Miracles are all over the historical narratives of the Bible.  Blind people see; lame people walk; dead people are raised; waters are divided (or walked upon!).  But just because something is miraculous doesn’t mean it isn’t true and historical.  This only follows if miracles are ruled out of bound from the get-go – presuppositionally excluded.  Perhaps many modern readers have this problem, but it isn’t a necessary one and the biblical authors don’t share it.

It should also be mentioned that the Bible is also very aware of such things as ‘myth,’ but myths show up in other, non-historical contexts.  For example, the book of Job takes the ancient myths related to Leviathan and recasts them in a poetic context.  So myth is utilized, but it is obvious in this poetic context that a historical meaning isn’t intended (this is a different genre, a different game with different rules).

  1. Where Testable, these historical narratives show themselves to be true and trustworthy.

Many of the events described in the Bible can’t be tested.  How can we prove that Naaman the Aramean was really healed of his leprosy in the days of Elisha the prophet (2 Kings 5)?  We can’t; we weren’t there, don’t have video footage, etc.  Of course, by the same standard it is impossible for me to prove that I ever visited Brazil.  I have no pictures or video footage to show.  I don’t even have the passport stamp to prove it.  But visit there I did.  The vast majority of historical narratives are not testable in any way.  I believe Patrick Henry said “Give me liberty or give me death!,” but I can’t prove it in any modern scientific sense.  It is reported through credible and reliable historical sources and I trust the authority of these sources by faith.

But some historical events are testable.  We read in 1 Kings 12 about the division of the kingdom of Solomon’s son Rehoboam.  A rebel, Jeroboam, established an independent northern kingdom.  He also established temples to rival Jerusalem’s great temple of Solomon.  I remember visiting the cultic center of Dan, the site of Jeroboam’s northern temple.  It was a surreal experience to walk up the steps into what would have been the holy of holies of Jeroboam’s temple. This temple dated to nearly a millennium before the time of Christ.  The Bible tells the story, and…there it is.  Bricks and mortar.  Just where it should be, just as described.

There are countless examples of this kind of thing.  It was fashionable among critical scholars to deny the existence of King David for many years, despite the Bible’s narratives concerning him.  It became ridiculous to assert confidence in David’s existence….until a reference to David turned up on a stone in the same Dan where Jeroboam’s temple is found.  The (baseless) critical assumptions crumble, the reliability of the historical narrative of the scriptures stands.

We could multiply this with countless examples.  But these are enough to illustrate that the Bible demonstrates itself trustworthy on any occasion where the truth of historical narratives is testable. If true where testable, why would we doubt its veracity in those areas where we can’t test it?  If you find me to be generally reliable, wouldn’t you believe me when I tell you I had visited Brazil, even if I can’t prove it to you?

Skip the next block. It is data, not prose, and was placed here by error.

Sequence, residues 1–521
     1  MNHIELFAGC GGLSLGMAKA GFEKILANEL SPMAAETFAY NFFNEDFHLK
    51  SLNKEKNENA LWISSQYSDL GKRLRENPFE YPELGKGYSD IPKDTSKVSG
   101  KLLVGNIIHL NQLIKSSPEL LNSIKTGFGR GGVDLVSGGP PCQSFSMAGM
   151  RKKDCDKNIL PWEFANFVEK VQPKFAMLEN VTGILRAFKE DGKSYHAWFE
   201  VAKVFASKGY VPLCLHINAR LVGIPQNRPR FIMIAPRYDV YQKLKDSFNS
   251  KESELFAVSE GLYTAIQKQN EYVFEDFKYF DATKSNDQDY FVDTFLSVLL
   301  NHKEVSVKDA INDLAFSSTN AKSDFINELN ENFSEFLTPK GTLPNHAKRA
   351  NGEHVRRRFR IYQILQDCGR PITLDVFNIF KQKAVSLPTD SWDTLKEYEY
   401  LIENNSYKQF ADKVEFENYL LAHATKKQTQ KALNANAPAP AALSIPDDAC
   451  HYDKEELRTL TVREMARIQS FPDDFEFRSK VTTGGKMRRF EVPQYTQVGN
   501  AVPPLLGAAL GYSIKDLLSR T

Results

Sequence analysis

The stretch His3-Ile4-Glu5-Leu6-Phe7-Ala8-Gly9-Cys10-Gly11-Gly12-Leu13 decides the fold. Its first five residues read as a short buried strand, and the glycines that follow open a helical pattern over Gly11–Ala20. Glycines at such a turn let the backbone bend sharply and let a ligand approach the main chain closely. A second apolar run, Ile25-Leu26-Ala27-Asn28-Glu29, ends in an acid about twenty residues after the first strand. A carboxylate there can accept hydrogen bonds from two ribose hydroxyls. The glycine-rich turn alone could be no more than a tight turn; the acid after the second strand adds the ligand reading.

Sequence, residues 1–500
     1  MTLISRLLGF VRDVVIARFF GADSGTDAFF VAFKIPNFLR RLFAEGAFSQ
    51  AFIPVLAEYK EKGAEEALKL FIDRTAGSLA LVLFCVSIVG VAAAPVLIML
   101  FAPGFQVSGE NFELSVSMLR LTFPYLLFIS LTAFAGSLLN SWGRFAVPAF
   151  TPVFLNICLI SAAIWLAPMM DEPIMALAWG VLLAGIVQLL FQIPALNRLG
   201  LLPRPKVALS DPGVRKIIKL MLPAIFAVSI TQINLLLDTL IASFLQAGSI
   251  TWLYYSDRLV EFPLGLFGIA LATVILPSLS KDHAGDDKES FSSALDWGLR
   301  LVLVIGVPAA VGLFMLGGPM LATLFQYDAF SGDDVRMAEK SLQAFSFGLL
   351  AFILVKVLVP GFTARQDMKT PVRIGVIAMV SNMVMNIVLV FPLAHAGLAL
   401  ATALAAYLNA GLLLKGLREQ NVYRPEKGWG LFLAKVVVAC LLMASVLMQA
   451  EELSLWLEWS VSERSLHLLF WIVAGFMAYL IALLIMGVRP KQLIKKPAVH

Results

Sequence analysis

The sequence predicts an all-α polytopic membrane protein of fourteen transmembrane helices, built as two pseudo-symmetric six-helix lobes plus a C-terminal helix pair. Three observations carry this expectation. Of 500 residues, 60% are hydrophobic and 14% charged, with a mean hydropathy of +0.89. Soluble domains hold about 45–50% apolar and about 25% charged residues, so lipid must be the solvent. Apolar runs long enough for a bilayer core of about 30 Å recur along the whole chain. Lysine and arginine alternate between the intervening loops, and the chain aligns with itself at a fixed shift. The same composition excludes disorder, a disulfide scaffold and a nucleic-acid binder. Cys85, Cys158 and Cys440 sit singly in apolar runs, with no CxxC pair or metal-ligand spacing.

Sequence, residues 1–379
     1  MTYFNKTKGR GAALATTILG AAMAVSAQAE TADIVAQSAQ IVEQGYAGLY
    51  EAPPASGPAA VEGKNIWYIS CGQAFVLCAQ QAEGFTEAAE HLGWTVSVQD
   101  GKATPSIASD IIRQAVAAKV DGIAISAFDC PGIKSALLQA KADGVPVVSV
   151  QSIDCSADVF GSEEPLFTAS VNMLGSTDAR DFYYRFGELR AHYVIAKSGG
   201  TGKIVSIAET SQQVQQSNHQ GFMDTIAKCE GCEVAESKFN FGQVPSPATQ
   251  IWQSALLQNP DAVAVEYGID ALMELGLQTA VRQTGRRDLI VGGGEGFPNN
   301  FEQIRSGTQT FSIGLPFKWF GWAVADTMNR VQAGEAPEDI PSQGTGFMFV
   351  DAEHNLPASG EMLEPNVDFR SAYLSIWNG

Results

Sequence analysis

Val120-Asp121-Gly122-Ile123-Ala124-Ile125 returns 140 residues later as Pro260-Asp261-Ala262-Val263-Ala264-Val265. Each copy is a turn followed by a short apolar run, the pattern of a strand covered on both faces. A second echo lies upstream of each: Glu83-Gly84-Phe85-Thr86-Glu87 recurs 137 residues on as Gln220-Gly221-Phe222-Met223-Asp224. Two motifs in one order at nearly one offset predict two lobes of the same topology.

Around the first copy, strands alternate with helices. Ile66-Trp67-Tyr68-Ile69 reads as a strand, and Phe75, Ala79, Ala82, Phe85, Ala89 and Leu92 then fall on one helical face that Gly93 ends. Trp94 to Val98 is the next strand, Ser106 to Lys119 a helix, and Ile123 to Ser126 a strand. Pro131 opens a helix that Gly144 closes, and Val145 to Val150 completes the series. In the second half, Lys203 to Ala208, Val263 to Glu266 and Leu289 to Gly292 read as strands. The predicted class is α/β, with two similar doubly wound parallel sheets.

1. Jesus views them as historical.

Christ received the Old Testament scriptures as the Word of God.  He refers to historical narratives from throughout the Old Testament, treating them not as fanciful or mythological accounts, but as literal history.  These include some of the texts that a modern reader would be most likely to dismiss as history, including the narratives of Noah, Sodom and Gomorrah, and Jonah.  This does not, of course, mean in and of itself that these events actually happened, but it does make it seem certain that Jesus himself believed and taught as if these events actually happened.

The full list as provided by John Wenham (Christ and the Bible, Downers Grove, Ill: InterVarsity, 1973, p. 6-7) is quite impressive for its scope and inclusiveness.  He writes,

He refers to Abel (Luke 11:51), Noah (Matt. 24:37-39), Luke 17:26, 27), Abraham (John 8:56), the institution of circumcision (John 7:22; cf. Gen. 17:10-12; Lev. 12:3), Soddom and Gomorrah (Matt. 10:15; 11:23, 24; Luke 10:12), Lot (Luke 17:28-32), Isaac and Jacob (Matt. 8:11; Luke 13:28), manna (John 6:31, 49, 58), the snake in the desert (John 3:14), David eating the consecrated bread (Matt. 12:3, 4; Mark 2:25, 26; Luke 6:3, 4), David as a psalm writer (Matt. 22:43; Mark 12:36; Luke 20:42), Solomon (Matt. 6:29; 12:42; Luke 11:31; 12:27), Elijah (Luke 4:25, 26), Elisha (Luke 4:27), Jonah (Matt. 12:39-41; Luke 11:29, 30, 32), and Zechariah (Luke 11:51)…He repeatedly refers to Moses as the giver of the Law (Matt. 8:4; 19:8; Mark 1:44; 7:10; 10:5; 12:26; Luke 5:14; 20:37; John 5:46; 7:19).  He frequently mentions the sufferings of the true prophets (Matt. 5:12; 13:57; 21:34-36; 23:29-37; Mark 6:4 [cf. Luke 4:24; John 4:44]; 12:2-5; Luke 6:23; 11:47-51; 13:34; 20:10-12) and comments on the popularity of the false prophets (Luke 6:26).  He sets the stamp of his approval on such significant passages as Genesis 1 and 2 (Matt 19:4, 5; Mark 10:6-8).”

For a Christian, this is the strongest argument of all.  If Jesus views these historical narratives as historical, then who am I not to?  Or, to say it another way, what’s good enough for Jesus is good enough for me.  Who am I to doubt what my Lord says is true?  The first thing we must do when interpreting the historical narratives is to recognize that they are historical narratives.